California Dreaming

My mom did not have any traditional lullabies in her repertoire.  House of the Rising Sun, American Pie, Hotel California. These were the standards.  I’ve carried on this tradition with my own kids and added a few, but nothing from this century. The Joker, some Rolling Stones, and the Greatest Love of All.  This last one made it into the rotation in the predawn hours one morning when I was reaching for a song that I knew all the words to, one that would be just long (and boring) enough to finally put a teething little insomniac to sleep.

When I was a kid, I listened to Whitney Houston sing that song over, and over, and over again on my Easter egg-colored little boom box.  I laid on the floor with the lavender machine in front of me, repeatedly pushing the pastel play and pause, rewind and stop buttons. Testing the resilience of the thin cassette tape, and carefully re-spooling it with my fingers when the brown plastic loops would go slack.

I was singing it again last night as I rocked my almost 3 year old back to sleep after a nightmare.  We sat in same chair that I’ve rocked all 3 of the kids to sleep in.  But it’s too small for this function now.  The boy is half my height and the two of us together in the chair looked like a sloppily twisted soft pretzel version of the Madonna and Child.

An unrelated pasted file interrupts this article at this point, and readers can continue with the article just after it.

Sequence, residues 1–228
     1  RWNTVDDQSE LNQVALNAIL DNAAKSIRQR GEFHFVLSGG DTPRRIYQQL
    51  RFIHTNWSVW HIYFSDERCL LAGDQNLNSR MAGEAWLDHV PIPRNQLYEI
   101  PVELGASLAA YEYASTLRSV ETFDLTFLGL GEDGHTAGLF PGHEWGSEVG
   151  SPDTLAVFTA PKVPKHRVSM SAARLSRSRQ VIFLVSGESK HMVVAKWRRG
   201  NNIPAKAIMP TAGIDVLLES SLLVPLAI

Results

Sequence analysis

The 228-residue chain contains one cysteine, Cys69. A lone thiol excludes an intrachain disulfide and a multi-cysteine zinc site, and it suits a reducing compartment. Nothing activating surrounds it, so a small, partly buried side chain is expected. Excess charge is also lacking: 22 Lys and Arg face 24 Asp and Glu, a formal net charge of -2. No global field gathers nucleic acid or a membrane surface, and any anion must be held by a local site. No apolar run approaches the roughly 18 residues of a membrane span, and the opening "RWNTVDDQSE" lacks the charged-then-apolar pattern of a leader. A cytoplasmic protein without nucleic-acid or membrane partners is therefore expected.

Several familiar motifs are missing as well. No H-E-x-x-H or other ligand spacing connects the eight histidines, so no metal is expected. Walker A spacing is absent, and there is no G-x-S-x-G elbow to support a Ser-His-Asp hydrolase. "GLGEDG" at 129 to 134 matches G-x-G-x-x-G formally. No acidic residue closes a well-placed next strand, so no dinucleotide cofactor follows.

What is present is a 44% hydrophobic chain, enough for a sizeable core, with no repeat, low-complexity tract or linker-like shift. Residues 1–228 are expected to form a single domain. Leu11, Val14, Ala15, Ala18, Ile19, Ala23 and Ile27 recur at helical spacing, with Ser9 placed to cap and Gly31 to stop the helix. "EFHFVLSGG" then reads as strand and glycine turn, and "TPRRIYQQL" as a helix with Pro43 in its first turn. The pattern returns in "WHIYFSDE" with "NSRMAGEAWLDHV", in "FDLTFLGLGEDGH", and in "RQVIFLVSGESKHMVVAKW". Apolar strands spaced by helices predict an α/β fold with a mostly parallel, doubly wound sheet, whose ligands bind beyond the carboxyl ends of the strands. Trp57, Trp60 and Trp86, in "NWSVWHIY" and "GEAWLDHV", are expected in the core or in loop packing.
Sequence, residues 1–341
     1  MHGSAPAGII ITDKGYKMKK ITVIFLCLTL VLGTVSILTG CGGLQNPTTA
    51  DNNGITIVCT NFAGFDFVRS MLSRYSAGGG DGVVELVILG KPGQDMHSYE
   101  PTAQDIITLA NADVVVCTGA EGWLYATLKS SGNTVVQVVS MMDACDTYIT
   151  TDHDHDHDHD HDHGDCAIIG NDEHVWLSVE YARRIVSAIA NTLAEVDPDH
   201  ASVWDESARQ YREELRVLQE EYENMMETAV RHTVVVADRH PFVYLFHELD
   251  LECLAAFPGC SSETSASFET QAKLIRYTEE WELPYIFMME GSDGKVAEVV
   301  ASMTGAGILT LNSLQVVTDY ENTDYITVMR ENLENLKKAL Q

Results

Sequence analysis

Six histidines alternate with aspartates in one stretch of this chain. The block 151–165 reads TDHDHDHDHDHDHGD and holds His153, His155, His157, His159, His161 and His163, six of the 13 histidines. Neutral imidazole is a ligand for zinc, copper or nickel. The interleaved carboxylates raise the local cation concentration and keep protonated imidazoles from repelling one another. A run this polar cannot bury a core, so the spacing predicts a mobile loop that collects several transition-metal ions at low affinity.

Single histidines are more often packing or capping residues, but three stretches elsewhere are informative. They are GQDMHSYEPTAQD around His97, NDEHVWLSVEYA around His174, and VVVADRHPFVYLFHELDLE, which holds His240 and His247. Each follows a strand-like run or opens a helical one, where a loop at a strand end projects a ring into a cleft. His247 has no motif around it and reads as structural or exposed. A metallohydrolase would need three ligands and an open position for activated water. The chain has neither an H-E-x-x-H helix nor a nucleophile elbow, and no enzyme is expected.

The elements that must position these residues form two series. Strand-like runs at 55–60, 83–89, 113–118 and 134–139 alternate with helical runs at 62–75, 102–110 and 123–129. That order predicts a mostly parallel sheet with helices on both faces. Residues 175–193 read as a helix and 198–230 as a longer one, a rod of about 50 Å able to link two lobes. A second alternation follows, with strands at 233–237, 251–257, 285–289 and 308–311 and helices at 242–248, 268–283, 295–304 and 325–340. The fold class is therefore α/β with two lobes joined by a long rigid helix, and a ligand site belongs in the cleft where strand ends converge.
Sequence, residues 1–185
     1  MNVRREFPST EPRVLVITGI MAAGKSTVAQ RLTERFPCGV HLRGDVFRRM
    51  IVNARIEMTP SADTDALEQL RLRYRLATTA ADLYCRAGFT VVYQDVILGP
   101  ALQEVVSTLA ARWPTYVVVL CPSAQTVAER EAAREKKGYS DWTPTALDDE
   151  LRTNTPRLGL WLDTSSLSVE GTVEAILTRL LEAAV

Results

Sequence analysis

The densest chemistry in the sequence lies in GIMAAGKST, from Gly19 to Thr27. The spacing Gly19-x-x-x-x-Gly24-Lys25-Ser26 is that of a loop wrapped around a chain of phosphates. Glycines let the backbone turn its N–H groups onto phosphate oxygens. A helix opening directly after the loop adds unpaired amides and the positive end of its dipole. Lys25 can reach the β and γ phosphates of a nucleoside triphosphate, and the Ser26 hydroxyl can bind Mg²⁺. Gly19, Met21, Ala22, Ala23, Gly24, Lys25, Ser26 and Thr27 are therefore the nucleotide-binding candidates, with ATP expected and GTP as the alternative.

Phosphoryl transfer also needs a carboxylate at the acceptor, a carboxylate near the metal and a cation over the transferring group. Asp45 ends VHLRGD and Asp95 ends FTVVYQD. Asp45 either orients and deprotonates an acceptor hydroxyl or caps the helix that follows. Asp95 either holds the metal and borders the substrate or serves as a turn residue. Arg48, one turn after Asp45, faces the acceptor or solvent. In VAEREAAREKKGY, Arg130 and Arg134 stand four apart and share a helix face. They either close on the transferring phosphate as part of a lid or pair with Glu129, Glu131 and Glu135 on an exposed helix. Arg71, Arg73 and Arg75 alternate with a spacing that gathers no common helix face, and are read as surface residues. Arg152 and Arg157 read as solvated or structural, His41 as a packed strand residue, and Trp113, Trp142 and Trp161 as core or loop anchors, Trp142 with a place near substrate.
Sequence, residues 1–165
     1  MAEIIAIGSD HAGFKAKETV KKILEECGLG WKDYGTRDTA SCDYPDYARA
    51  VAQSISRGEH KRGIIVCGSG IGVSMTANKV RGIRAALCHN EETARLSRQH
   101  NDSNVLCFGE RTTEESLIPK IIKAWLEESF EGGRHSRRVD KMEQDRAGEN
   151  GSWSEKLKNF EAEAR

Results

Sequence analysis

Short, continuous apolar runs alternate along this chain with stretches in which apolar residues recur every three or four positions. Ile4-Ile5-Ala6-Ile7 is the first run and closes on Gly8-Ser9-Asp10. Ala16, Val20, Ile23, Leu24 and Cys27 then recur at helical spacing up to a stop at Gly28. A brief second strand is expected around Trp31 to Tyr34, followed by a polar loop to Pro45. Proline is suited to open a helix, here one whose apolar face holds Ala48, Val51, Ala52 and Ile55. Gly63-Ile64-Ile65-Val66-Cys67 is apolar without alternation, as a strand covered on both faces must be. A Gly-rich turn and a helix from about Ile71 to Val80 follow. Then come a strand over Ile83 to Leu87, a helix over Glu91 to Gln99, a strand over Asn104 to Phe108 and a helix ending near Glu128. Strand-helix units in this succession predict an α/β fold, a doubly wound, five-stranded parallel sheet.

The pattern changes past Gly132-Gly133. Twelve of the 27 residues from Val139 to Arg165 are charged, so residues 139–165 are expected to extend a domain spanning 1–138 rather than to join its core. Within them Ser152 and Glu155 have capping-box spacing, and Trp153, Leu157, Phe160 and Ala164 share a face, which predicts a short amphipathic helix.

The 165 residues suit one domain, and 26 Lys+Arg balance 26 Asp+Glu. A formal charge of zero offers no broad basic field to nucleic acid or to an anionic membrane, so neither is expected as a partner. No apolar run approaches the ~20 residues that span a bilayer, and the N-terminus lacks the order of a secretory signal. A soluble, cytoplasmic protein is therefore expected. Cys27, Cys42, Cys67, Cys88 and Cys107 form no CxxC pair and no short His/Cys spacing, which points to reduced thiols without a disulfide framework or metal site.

This time Whitney’s call to action, her plea for us to let the children lead the way and show us all the beauty they possess inside, left him curious and unfortunately more awake.  There was a running commentary and stream of questions as I sung off-key.

Mama, why no walking in da shadows?  Is it dangerous?  Walking on ice mountains is dangerous. I like shadows. Can we make shadows now?  What mean “dignity”? Let’s search for heroes.

Lullabies are no longer sleepy background noise in our house.  They are songs with words and meaning, and the little person–no longer a baby–sprawled across my body was asking for more. More information. More context and definition. More time with his mama in the middle of the night.

I was rocking and thinking how much I love that I can give him these things in this too small, loudly upholstered in black and white floral chair–the same chair that my mom held his sisters in.

He’s clever and he loves his mom.  I was thinking about how my mom so loved cleverness and would have, so very much, loved him.

I was thinking about his Grammy and Granddad and his Pop Pop, aunts and uncles and Great Aunties.  All of whom rocked him and his sisters before him in that chair.  All still here, cramming themselves and one or more kids into that chair, rocking and reading with them from time to time.